Faith, Promise, and Forgiveness
In an age predicated on rational control through prediction and certainty, faith has been devalued. Faith, however, remains an important element of human existence, pertaining to our relationship to time. Faith is that of a promise, a promise that can only be imagined, never certain, a belief that things can be better. Faith is the promise of the impossible, not necessarily that which is against and in defiance to established tested knowledge, but for that which is most improbable, recognizing it as such. Importantly, Faith in Promise relies on the precondition of forgiveness for that which was. That is, to have faith in something is in some sense to forgive it, to recognize redemption in that which is towards that which is to be–the promise.
Humility vs. Humiliation
One reason behind the devaluation of faith in modern times is surely the devaluation of dependency and the non-instrumental. By configuring freedom as self-assertion and reason as pragmatism and holding both as the central ideals of our epoch, that which is beyond our control and negligible in its use value is deemed inferior and in need of assimilation and mastery. Humanity and its alleged superiority defined by these concepts of freedom and reason as such, becomes a narcissistic fantasy devoid of humility. Humility in an epoch of greater and greater (illusion) of control is identified as a weakness. Humility is as such associated with humiliation–to be alienated from one’s freedom and individual integrity.
How dangerous that these two concepts be equivocated. They couldn’t be more foreign from one another in their effect upon the psyche. Humility affirms self’s relationship to its world. It is catalyzed through enlightenment as a corrective and a challenge to the illusion of the everyday. Humiliation, in contrast, negates one’s relationship to world and self. It is annihilating in the strictest sense, stripping one of their meaning and value, and is thus experienced as defeating. So while Humility leads toward positive transformation, humiliation leads towards despair,destroying self-esteem and agency, creating a violent and/or depressive impulse. It stains one’s existence, leaves a deep, dark, bottomless hole that pulls one’s being back into it. The hole becomes a source of gravity in one’s life that makes it hard to go forward and transform. Humiliation becomes the defining event of self–difficult to transcend and exit.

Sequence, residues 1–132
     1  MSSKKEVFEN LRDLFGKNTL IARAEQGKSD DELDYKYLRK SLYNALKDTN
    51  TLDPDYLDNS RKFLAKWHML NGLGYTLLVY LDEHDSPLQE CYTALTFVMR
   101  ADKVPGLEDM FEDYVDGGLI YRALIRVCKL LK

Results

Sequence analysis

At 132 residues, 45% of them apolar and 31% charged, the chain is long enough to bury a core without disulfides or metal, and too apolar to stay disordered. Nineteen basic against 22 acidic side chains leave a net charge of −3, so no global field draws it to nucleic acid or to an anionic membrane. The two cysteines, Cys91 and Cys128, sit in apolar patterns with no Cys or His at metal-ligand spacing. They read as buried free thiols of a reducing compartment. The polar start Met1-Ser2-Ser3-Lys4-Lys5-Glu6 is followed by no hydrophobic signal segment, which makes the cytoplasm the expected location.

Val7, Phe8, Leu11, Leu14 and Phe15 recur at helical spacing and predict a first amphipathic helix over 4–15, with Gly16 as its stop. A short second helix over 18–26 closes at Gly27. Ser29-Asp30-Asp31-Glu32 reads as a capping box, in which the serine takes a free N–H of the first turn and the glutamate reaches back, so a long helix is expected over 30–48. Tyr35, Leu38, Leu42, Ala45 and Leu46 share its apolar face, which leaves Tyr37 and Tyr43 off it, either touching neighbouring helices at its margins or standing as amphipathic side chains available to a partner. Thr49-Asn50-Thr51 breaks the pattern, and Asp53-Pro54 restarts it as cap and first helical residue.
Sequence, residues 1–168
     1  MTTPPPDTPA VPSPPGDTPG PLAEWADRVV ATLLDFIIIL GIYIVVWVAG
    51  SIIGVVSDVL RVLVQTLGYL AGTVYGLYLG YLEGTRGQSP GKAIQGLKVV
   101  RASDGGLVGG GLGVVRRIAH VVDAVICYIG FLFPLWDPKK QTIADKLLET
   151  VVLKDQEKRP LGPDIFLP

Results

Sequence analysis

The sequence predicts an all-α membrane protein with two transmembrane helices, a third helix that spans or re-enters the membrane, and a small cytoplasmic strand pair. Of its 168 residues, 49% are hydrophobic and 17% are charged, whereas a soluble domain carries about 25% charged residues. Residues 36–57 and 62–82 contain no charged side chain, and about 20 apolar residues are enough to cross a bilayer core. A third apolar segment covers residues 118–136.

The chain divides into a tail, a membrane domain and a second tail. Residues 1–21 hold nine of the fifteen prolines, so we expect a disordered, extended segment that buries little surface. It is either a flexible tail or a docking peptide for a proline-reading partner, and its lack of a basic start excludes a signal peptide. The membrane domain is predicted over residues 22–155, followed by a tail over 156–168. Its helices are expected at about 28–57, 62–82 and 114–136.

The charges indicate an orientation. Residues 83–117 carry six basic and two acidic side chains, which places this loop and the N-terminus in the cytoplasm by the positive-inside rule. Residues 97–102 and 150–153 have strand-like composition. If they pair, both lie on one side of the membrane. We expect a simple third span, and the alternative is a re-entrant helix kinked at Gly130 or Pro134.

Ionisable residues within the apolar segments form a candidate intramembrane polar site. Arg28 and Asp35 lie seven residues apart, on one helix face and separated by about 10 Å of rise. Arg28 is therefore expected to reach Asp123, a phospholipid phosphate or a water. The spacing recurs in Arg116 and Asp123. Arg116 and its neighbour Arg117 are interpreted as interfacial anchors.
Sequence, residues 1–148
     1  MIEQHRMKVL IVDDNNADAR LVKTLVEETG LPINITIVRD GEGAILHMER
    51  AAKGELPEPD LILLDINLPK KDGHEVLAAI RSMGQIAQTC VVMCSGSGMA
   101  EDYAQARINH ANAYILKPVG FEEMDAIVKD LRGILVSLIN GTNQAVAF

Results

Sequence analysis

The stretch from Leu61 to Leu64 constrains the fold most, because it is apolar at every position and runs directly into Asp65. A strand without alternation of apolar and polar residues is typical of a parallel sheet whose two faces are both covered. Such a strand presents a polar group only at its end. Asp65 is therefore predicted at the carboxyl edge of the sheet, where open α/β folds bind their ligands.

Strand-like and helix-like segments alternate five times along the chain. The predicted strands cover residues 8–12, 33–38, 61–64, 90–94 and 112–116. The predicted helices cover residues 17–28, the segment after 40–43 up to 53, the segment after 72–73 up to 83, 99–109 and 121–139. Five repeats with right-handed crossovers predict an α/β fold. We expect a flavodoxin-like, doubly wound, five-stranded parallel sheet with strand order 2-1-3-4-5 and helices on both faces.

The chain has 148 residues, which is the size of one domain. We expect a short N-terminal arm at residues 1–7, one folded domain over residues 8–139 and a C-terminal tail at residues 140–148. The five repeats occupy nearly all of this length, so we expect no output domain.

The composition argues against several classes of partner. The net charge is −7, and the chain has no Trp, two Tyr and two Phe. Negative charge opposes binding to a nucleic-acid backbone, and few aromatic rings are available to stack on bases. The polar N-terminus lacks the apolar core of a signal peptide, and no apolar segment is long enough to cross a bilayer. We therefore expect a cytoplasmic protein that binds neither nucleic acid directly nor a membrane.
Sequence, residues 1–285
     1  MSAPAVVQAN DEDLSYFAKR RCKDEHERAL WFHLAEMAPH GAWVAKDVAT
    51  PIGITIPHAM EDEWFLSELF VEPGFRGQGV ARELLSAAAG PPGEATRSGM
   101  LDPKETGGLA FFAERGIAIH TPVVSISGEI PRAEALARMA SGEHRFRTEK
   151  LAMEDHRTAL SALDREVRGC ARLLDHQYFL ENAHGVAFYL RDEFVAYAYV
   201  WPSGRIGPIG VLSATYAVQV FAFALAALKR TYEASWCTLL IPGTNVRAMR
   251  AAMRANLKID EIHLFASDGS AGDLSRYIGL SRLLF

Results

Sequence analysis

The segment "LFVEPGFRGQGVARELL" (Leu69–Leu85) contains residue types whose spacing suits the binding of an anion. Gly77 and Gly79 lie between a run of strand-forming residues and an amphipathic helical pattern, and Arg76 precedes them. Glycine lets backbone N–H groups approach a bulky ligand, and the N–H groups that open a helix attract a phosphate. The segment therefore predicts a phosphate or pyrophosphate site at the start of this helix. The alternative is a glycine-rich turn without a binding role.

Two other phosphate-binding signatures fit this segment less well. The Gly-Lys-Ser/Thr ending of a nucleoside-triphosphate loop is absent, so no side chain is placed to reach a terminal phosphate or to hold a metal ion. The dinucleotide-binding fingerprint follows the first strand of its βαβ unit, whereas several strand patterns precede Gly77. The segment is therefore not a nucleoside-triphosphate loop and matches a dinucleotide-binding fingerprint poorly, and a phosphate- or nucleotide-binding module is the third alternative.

Evolution and Revolution in Self
Why the blackhole of humiliation is so difficult to escape from is because it absorbs all light, consuming the visibility of something beyond darkness. It is where faith is the most impossible yet is the most needed. This paradox is what rips open the space-time continuum and gives birth to the miracle that is faith. The leap of faith is thus the vision of something beyond possibility. To go beyond humiliation is to have faith in a self, not yet in existence. It is to forgive the self that was, so that self may be freed into the future.
Dwelling in the past is not necessarily the antithesis to forgiveness and faith. In dwelling, one may play, reinventing possibility. Such reinventing through the play of reinterpretation is an evolution of the self. It takes what was, resists its meaning, and establishes a new one. Such may free one from shame, yet it is not a revolution because it still hinges on the centrality of a particular event. Dwelling in the past is always a dwelling in a particular past event, place, and idea. By continuously returning to that event, one becomes a subject of it. That is, one subjugates self to the Event as a definition of one’s existence. One cannot think outside of the event. One recapitulates its centrality. Through exiting the orbit of regret through forgiveness (of self and other), one achieves a revolution by decentralizing the event’s priority.
Self, Selfishness, and Selflessness
The conflation of humility and humiliation surely has much to do also with the conflation of ego and self. Self and ego, however, are likewise vastly different entities. Self is grounded in relationship to one’s identity and existence. It is the recognition and practice of one’s agency. Ego, on the other hand, is a grasping at the self that is most familiar (most established or old) out of the uncertainty from which anxiety grows. The stronger the ego, more strongly one is possessive of old values and identity, the more one fetishizes them without thinking them through and allowing for becoming. Ego is thus childish, or rather immature, in its lack of social development.
The negative connotation of ego is transferred over to selfishness as well because of its proximity and association as a concept. The refutation of selfishness has led people to advocate selflessness as a virtue. This is again to conflate the problem with selfishness with care for the self. In actuality, both selfishness and selflessness are against Self: the former places the primacy of ego before the Other, and the latter places the Other before self. Genuine self, however, cannot exist when in opposition and priority over others nor at its subordination. Self transforms and earns value with, for, and by others. Self that is violent toward others or accepts violence from others is lacking in integrity.